How Funding Sources Affect Academic Experiences and Involvement
Gulf Arab International Students in the US Across the Disciplines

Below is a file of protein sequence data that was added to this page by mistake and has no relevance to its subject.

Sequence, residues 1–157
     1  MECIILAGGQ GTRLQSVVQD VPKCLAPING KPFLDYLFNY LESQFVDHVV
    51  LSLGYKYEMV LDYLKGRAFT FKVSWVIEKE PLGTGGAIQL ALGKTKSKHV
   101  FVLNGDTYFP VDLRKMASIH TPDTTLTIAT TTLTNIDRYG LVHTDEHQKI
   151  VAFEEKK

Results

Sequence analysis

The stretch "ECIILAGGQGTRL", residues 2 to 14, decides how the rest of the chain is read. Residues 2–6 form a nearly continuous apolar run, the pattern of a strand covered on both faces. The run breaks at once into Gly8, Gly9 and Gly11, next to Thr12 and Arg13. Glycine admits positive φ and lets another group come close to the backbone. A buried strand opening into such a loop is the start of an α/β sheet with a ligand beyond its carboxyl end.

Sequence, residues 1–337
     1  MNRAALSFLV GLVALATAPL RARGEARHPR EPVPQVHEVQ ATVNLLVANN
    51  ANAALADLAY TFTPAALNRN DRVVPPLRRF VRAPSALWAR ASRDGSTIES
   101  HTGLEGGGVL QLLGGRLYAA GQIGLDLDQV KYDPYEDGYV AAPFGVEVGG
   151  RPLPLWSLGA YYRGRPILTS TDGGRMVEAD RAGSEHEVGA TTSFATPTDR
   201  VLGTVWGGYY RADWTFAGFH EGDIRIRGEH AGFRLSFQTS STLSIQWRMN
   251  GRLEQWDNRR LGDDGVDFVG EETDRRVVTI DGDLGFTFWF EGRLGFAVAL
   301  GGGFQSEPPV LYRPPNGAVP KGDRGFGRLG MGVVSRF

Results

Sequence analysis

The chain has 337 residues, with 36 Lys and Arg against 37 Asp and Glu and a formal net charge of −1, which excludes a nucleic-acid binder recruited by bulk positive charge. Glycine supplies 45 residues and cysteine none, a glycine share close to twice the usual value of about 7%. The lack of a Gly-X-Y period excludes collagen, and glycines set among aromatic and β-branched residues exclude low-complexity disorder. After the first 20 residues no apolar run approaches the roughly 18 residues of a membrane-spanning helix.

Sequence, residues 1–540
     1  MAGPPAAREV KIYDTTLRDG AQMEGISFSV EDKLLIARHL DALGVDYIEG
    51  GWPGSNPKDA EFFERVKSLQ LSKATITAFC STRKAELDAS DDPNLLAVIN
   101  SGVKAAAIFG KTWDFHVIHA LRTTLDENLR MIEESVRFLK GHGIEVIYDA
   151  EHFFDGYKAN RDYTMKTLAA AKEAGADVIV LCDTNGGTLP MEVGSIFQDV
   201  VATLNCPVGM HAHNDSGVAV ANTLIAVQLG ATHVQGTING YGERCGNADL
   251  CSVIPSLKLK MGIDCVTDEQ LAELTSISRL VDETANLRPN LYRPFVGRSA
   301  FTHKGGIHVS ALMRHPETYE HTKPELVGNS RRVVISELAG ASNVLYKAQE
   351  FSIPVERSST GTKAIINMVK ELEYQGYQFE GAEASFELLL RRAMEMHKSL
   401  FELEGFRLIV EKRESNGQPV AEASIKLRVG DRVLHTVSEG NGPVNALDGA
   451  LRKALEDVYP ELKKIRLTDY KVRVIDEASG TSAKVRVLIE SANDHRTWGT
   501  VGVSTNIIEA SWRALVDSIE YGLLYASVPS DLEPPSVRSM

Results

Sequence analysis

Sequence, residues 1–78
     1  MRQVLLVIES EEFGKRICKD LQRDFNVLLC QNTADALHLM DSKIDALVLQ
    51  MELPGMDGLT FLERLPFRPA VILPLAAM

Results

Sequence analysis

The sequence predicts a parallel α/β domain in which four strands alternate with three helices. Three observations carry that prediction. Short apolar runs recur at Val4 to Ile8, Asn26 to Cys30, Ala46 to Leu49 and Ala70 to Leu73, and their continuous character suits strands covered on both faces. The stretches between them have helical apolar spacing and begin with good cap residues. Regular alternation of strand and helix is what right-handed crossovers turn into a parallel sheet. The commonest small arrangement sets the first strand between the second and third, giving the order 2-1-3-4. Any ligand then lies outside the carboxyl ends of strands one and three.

Graduate students from Arab Gulf countries earning degrees abroad are often funded by their governments, employers, or private institutions in their home countries, often making this funding sources different from their peers. This qualitative case study of female international students from Arab Gulf countries in the US explores participants’ academic experiences in their graduate programs and focuses on how it was affected by their funding sources. Data was collected with participants during spring and summer semester in 2018 at a land-grant university in the Midwest US. Findings show that the interactions that participants had based on their funding (or lack thereof) affected their overall experience and involvement with campus and the extent to which they had access to campus involvement. The research finds that having an assistantship or not has some positive effects for some, has some negative effects for others, is a double-edged sword for some and quite unimportant to others. The degree to which participants’ funding affected their experience was affected by how much experience through assistantships was common in their programs, options for gaining experience in their fields and integration on campus outside of assistantships, departmental contexts, and their long-term goals. Additionally, the role of discrimination in the campus involvement of students from marginalized identities is discussed. Recommendations are made for considering funding sources when supporting students in order to promote their involvement in their departments and with the wider campus community while considering potential discrimination that increased involvement can have.